"Lord, you KNOW I'm tryin... whew and breathe. Support is everything. ❤ @dwyanewade," the former Bring It On star captioned the Instagram pic.
Last week it was revealed that Union and Julianne Hough would not be returning to the competition show for the 2020 season. Days later, Variety published a report claiming that Union had expressed concern about the show's "toxic culture" to NBC's Human Resources department.
NBC and Fremantle, the production company behind AGT, responded to the report with a statement praising AGT's long history of "inclusivity and diversity," and explaining that its judging line-up is regularly "refreshed." However, Wade claimed on Twitter that his wife was fired and wanted to know why.
Union spoke out for the first time following her departure on Wednesday night. "So many tears, so much gratitude. THANK YOU! Just when you feel lost, adrift, alone... you got me up off the ground. Humbled and thankful, forever," she tweeted.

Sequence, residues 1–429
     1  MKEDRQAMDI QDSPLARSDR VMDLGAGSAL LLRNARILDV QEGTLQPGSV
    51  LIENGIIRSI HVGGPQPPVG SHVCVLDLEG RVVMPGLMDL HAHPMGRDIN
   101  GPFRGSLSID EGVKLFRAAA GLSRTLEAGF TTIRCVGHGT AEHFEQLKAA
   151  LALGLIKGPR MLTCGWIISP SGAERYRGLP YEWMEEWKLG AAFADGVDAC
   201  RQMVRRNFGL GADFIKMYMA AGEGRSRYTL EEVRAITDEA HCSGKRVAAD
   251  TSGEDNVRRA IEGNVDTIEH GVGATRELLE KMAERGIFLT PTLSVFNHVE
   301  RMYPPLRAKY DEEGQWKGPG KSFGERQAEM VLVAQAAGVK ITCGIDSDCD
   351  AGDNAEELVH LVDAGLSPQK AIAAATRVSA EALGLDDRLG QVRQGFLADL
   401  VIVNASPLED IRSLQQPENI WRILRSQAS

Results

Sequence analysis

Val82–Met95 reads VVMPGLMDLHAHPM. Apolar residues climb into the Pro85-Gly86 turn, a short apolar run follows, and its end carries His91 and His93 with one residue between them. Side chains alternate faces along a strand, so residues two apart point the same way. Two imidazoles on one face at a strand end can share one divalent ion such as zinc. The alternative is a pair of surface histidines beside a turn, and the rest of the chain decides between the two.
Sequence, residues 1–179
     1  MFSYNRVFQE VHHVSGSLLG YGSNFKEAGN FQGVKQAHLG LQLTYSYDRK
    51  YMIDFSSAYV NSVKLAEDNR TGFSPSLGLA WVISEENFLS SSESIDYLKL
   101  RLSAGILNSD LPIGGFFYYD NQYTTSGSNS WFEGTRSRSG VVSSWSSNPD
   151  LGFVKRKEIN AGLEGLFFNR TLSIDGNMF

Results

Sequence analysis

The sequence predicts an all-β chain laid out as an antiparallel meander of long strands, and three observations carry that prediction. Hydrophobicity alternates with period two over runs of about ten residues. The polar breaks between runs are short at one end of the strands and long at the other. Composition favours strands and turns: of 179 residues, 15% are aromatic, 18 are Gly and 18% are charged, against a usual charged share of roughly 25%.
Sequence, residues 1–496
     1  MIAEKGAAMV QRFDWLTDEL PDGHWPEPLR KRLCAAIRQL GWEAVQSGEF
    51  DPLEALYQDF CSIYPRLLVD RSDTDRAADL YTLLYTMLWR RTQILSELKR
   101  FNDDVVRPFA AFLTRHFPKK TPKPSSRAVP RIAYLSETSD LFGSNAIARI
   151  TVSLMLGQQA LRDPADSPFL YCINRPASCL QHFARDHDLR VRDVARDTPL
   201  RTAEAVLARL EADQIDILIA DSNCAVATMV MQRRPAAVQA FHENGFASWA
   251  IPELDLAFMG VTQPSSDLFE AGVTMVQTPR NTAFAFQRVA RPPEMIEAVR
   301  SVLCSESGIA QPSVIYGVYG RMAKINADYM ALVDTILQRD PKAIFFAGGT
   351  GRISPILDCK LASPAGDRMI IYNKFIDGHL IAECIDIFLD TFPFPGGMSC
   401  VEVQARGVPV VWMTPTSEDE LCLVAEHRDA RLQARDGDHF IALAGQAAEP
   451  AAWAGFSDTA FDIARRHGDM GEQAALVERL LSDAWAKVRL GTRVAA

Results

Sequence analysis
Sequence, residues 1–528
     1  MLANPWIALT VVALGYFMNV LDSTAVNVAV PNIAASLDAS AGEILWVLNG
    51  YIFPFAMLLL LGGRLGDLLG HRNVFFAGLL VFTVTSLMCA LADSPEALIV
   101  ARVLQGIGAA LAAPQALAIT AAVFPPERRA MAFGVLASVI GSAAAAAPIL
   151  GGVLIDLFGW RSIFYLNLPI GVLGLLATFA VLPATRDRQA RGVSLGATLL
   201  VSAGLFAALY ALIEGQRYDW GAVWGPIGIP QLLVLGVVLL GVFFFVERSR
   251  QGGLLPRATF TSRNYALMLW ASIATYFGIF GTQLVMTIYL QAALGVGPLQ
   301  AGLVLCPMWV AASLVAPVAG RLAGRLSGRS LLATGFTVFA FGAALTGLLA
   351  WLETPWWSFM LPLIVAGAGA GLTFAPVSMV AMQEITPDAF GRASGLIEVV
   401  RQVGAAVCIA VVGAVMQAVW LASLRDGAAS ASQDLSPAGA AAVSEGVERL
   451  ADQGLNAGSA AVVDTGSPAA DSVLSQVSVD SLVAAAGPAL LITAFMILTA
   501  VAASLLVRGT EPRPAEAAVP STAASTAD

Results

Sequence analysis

So many tears, so much gratitude. THANK YOU! Just when you feel lost, adrift, alone... you got me up off the ground. Humbled and thankful, forever ❤
According to Variety, among the alleged incidents that occurred during Union's time on the show was an act that she found racially insensitive during the audition rounds. Additionally, sources claimed to the outlet that Union received specific critical network notes on her hairstyles, which were allegedly deemed "too black" for the AGT audience, and that she received these notes numerous times. A network insider denied the volume of those notes to Variety, claiming that there were only notes about "hair continuity" for both her and Hough.
NBC and Fremantle's statement to ET following the report read: "America’s Got Talent has a long history of inclusivity and diversity in both our talent and the acts championed by the show. The judging and host line-up has been regularly refreshed over the years and that is one of the reasons for AGT’s enduring popularity. NBC and the producers take any issues on set seriously."